In any walk of life, it is important that we learn from our mistakes and try to identify where we fell short if we want to change the outcome on our next attempt. In an area as diverse and complex as cybersecurity it is vital that we incorporate these lessons-learned into our business strategy.
Prominent figures within the business and technology community speak freely on the benefits of failure. Mark Zuckerberg attributed his success with Facebook to him having the “freedom to fail” stating that if he didn’t have the freedom to fail he wouldn’t have been able to accept the risk of spending his time building Facebook. There are many perspectives one can take when it comes to failure and I’ve even heard the term ‘fail hard and fail fast’ on occasion but failure certainly isn’t something we should strive for.
Learning from Failure
Failure provides us with valuable feedback on how we shouldn’t achieve our objective so that we may adjust our approach and have a better chance of success on the next attempt. Failure provides us with critical information on how to succeed but it comes at the cost of failure, so it is especially beneficial when we can learn from other peoples failures and apply those lessons to our own efforts.
Yet when we look at the media coverage of Cybersecurity breaches, it paints a sombre picture of the current situation and could lead us to believe that we’re not learning from others mistakes. It would appear that many still aren’t implementing the control measures required to keep their business information systems and data safe from attack. The threat is real and comes in many forms, from opportunist hacktivism to state-sponsored attackers, but the end result is that our systems are always at risk of being compromised.
For many organisations security hasn’t typically been a priority or board-level conversation until recent years, but as the risk and awareness of cyber attacks grow, we’ve seen a commendable upturn in senior management taking the lead and owning the problem. However, when you consider the history of under investment and reliance on legacy systems, it is understandable why so many struggle with the task of securing their organisation. Improving the overall security posture of an organisation is not an easy task and it can’t be solved with a reactive approach – often referred to as the whack-a-mole approach.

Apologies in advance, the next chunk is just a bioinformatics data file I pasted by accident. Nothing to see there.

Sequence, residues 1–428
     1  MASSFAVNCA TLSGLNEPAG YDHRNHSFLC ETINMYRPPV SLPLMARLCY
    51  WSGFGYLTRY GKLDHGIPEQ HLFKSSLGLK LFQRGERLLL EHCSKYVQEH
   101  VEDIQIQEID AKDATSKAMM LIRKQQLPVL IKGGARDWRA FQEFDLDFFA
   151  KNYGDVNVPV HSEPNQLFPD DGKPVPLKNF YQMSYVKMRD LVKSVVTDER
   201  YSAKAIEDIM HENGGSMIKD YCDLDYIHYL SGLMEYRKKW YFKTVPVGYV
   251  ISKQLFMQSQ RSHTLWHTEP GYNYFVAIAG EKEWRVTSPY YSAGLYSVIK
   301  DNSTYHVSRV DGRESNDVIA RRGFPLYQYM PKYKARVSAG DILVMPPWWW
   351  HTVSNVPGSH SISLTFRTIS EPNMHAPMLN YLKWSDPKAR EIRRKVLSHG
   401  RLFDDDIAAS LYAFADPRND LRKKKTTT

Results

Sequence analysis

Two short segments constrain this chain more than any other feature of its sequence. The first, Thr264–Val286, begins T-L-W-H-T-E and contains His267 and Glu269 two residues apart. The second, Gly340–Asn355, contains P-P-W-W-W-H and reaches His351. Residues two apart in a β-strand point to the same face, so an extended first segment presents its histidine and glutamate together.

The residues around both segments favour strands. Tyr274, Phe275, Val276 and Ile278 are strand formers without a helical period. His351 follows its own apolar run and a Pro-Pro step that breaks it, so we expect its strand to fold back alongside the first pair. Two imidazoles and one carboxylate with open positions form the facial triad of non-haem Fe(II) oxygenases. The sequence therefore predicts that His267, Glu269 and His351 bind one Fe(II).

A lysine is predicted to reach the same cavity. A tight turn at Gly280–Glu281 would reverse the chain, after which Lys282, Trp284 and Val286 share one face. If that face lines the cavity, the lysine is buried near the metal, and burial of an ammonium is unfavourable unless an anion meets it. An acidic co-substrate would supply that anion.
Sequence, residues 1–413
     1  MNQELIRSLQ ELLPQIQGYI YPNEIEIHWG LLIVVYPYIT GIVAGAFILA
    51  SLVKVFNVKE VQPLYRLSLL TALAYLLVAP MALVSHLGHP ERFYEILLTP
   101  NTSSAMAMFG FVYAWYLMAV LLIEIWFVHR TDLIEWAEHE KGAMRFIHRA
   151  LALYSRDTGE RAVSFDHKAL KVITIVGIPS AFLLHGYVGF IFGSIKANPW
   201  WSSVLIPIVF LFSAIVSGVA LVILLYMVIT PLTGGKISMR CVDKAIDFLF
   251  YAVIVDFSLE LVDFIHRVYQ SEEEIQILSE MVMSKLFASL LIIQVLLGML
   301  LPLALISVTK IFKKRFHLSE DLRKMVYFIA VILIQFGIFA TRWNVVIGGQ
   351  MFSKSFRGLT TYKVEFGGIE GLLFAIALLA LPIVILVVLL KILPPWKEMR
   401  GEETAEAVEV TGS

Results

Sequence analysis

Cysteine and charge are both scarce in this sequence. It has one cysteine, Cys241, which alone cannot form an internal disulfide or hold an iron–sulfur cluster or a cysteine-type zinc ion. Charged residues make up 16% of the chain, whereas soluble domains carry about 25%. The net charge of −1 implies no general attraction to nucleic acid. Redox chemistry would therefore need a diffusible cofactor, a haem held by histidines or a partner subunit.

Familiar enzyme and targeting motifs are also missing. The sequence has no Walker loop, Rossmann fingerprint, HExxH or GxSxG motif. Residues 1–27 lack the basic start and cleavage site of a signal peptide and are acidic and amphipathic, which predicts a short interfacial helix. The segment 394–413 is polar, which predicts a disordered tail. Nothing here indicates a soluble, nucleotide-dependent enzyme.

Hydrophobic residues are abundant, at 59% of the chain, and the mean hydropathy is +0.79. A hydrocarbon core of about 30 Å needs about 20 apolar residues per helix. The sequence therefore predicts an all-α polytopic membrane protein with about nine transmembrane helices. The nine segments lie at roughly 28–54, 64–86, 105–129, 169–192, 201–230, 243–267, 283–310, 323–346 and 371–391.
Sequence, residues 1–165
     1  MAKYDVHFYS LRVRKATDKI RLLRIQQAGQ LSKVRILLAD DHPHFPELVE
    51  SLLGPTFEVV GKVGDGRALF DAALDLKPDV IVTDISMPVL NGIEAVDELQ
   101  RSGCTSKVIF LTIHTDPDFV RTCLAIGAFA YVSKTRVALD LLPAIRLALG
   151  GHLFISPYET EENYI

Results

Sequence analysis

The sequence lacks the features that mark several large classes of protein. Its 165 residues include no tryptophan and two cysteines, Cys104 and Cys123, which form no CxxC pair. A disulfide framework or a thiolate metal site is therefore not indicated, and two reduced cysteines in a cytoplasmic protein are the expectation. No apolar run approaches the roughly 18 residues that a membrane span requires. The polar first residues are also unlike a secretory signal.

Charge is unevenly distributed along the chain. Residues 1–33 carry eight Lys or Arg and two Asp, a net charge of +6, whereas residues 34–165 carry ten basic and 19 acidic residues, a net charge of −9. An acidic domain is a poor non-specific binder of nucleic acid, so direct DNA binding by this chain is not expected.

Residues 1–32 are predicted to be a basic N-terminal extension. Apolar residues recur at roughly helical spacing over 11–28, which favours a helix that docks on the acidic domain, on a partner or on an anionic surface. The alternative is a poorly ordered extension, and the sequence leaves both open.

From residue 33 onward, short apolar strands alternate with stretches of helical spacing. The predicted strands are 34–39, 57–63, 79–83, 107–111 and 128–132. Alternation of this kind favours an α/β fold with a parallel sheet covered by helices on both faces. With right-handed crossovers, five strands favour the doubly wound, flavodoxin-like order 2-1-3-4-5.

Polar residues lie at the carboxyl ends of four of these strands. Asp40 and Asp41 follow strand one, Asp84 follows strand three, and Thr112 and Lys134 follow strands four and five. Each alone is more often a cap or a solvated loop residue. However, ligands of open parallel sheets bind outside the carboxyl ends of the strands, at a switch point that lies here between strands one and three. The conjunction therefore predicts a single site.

When you plan for success within a security improvement program it must be conducted in two streams that work in parallel. We must act tactically to improve our immediate risk profile but we must also plan strategically to ensure that our efforts and investment align into a longer-term objective.
Focus on the Business
A security strategy must be tailored to support the goals of the business it serves, so an in-depth understanding of the business and its operational process is paramount. Unfortunately, I’ve been privy to more than a few security strategies that focus on technology and solutions when instead they should be focusing on the business to ensure that demonstrable value is derived from any investment in IT.
A business focused approach to security strategy results in better identification and classification of risk and when these risks are captured more effectively, they can be triaged and remediated appropriately which results in less effort and better results.
Don’t Reinvent the Wheel
Thankfully there are frameworks available to help guide us through the process of creating a security strategy and one that I would advise investigating is the Sherwood Applied Business Security Architecture (SABSA). The conceptual and contextual stages of SABSA can help you to develop your security strategy as part of your over-arching security architecture.
It is only by approaching our security challenges strategically that we can address them effectively. Tactical activity will always have its place but it should be occurring as part of your strategic planning and longer term business objectives.
If you want to succeed in business you must factor in cybersecurity strategically. Your security strategy will underpin your development and act as a handrail for the years ahead. Plan and strive for success but remember to embrace the lessons that can be learned from failures and utilise them to improve your approach.
If you’d like assistance with your security strategy feel free to get in touch via the Barrier Networks website or give us a call on 0141 356 0101.
Best of luck in your cyber security endeavours!